A Roon Primer

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A Roon Primer

What Is Roon?
Roon is a music playback and management software suite for digital audio components. There are many such products on the market, including iTunes and JRiver’s Media Center, but what makes Roon special is the unmatched comprehensiveness of its user interface and, believe it or not, its sound. This primer will cover some of the more salient features of Roon’s UI, as well as how to implement Roon in your system. I’ll also describe why and in what ways Roon affects a system’s sound.

The Roon User Interface
When you first set up Roon, it builds a database of metadata (descriptive information) about your music library, including any iTunes or Tidal playlists. As a first step, Roon imports from your media any existing metadata about each title. Because this information is often meager or incomplete, Roon supplements it with metadata from its own detailed database. Armed with this wealth of information, Roon can display or search through your music collection in remarkably useful ways.


Let’s start with the main view. As with most music playback software, you can specify how you’d like Roon to organize and present your library. Most users will choose a view that sorts by albums, artists, composers, or genre (Figure 1). You can also filter your view. For instance, Roon lets you opt to see only hi-res, DSD, or MQA titles. Of course, you can search for a title, artist, or musician. All this is pretty standard; things get more interesting when you start using Roon interactively.

For example, say you’re listening to Steely Dan’s “Deacon Blues” and find yourself taken by its great sax solo. With standard music playback software, you’re at a dead end. But in Roon, you just tap Credits to see all the musicians you’re hearing. The list includes saxophonist Pete Christlieb. Then simply tap on Pete’s name and Roon will display every album he’s played on, and let you know which are already within your library. You can then explore and enjoy more of Pete’s work by selecting any of those titles.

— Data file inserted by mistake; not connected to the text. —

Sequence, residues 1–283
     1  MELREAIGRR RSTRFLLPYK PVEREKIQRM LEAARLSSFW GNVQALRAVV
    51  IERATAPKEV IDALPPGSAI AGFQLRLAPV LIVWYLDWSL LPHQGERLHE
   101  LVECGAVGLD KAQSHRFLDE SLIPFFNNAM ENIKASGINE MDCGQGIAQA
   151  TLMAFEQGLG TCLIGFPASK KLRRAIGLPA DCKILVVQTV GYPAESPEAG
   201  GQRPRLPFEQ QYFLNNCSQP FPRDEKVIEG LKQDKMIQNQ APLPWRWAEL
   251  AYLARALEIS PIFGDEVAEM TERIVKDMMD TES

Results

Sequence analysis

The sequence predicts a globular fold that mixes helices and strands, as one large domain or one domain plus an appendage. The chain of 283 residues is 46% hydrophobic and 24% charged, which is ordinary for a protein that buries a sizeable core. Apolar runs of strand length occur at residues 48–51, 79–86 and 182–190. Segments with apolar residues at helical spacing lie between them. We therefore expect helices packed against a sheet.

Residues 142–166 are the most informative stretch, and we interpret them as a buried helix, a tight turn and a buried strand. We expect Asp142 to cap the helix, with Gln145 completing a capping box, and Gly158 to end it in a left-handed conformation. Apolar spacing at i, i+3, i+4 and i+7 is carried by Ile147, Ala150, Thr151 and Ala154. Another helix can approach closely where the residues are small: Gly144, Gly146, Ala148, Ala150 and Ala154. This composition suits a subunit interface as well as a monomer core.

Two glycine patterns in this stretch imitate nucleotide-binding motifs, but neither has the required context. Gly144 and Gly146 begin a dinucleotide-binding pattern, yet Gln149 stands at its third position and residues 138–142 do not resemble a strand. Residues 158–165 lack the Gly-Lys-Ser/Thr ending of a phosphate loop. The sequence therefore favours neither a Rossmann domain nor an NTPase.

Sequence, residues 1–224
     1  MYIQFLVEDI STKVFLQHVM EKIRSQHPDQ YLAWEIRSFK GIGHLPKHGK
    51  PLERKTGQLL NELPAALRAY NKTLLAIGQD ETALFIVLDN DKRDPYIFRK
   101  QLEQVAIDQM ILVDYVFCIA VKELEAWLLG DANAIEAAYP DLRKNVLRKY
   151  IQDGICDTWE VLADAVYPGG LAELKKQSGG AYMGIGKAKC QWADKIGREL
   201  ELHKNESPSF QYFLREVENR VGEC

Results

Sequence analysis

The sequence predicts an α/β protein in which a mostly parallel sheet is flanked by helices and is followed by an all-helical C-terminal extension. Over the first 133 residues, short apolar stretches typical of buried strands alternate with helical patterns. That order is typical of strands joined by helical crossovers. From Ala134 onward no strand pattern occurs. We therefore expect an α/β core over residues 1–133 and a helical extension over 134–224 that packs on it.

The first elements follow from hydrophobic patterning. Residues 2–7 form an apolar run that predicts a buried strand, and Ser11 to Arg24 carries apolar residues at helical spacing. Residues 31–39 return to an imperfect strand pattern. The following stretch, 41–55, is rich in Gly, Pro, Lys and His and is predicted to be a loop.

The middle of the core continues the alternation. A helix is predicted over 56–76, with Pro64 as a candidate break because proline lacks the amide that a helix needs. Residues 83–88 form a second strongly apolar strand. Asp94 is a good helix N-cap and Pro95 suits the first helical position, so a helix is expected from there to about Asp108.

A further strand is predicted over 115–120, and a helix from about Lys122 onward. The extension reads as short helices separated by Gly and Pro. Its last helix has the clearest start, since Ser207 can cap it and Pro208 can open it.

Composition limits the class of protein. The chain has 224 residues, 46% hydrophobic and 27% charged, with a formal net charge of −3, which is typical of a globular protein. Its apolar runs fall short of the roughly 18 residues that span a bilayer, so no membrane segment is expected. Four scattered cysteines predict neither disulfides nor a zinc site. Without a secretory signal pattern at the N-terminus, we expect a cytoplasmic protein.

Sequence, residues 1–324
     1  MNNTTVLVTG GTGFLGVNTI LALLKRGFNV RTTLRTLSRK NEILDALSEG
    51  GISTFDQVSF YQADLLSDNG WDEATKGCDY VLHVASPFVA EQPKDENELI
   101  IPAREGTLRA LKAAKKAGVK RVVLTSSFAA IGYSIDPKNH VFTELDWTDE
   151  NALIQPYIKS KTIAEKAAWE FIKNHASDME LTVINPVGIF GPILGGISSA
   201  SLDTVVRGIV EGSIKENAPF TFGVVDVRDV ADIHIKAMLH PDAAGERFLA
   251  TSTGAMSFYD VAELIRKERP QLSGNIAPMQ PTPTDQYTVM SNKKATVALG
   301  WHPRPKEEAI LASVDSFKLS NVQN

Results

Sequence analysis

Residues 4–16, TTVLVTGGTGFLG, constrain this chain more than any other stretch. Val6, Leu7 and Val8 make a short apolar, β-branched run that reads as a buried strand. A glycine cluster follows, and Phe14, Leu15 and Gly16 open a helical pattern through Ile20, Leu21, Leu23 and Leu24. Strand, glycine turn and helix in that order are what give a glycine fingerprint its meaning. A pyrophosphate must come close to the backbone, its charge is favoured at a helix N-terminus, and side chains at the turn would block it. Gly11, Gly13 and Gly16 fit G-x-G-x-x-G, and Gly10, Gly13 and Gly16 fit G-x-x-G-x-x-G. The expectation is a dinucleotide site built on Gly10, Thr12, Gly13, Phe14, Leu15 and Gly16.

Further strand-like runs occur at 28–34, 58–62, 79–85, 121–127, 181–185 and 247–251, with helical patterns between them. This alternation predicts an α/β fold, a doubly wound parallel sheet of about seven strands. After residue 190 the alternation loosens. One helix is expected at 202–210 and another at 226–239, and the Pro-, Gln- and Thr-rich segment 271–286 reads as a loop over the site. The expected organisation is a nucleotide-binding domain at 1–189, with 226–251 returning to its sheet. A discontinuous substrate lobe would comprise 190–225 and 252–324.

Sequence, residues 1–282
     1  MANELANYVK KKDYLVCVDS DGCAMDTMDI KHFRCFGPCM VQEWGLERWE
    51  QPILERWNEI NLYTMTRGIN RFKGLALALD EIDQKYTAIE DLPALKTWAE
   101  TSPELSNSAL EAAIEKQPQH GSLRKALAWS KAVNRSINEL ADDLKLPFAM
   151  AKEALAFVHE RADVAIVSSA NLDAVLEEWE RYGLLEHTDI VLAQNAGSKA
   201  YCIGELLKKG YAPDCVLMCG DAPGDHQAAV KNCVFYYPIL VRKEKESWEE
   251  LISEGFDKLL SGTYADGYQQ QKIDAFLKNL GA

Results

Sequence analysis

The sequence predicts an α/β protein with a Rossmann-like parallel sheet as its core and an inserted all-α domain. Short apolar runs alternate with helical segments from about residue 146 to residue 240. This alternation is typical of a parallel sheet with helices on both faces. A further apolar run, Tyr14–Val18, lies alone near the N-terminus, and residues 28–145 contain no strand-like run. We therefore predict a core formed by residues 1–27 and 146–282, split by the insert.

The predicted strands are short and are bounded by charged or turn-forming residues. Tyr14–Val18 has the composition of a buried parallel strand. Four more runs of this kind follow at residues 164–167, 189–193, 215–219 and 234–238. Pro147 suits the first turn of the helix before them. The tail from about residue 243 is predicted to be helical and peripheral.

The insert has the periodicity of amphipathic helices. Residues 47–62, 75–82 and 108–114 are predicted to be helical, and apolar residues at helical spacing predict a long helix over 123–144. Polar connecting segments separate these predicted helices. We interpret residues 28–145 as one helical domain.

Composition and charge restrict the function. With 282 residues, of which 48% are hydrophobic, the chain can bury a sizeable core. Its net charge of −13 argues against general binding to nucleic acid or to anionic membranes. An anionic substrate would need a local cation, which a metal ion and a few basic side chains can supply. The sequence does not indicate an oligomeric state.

Roon also encourages interactivity by offering a trove of information relevant to what you’re playing. Available at your command are lyrics, reviews, the recording time frame, any rating you may have assigned, and whether an album is of an unusual type (e.g., bootleg, live, compilation, multichannel, box set). Nor does Roon ignore sonic factors; it’ll describe every track’s format, resolution, and even its DR (dynamic range) rating—a very reliable metric for recording quality (Figure 2). Similarly, if you tap on the currently playing artist’s name, Roon will offer up biographical information, current concert dates, albums you do and don’t own by that artist, and all the albums to which that artist has contributed.

Tidal Integration and Other Features
Another feature that sets Roon apart is the way it seamlessly integrates Tidal, an audiophile-oriented music streaming service. Let’s say you are searching for a piece of music and it isn’t in your library. Roon will automatically attempt to find it on Tidal. Assuming success, Roon will display the title on your screen just as if you owned it (Figure 3). Indeed, you can select “add to library” and Roon and will “virtually” include the title in your library. You can then easily play it right away or at any point in the future. In short, Roon renders immaterial the line between your own library and Tidal’s expansive selections. Of course, you have to have a Tidal account and an Internet connection for all of this to work. Roon also offers a wealth of options as to where your music plays. The software supports output to multiple devices (DACs, PCs, Macs, iPads, and Android tablets), so long as they’re on your home network. If those devices are located in different rooms, this feature translates into support for multiple listening zones. The devices in those zones can be driving either speakers or a headphone amp. Roon can also play to any AirPlay or Sonos device, if you’re willing to sacrifice some sound quality for convenience.


Finally, Roon includes the advanced audio features that have become typical for media software suites like JRiver. Specifically, Roon contains a DSP engine that offers compression, sample-rate conversion (from anything to anything), a variety of filters, stereo cross-feed (useful when listening through headphones), and a parametric equalizer. Yet it’s worth pointing out that Roon’s friendly, intuitive, and informative interface is leagues beyond the JRivers of this world, which come off as seriously clunky by comparison.

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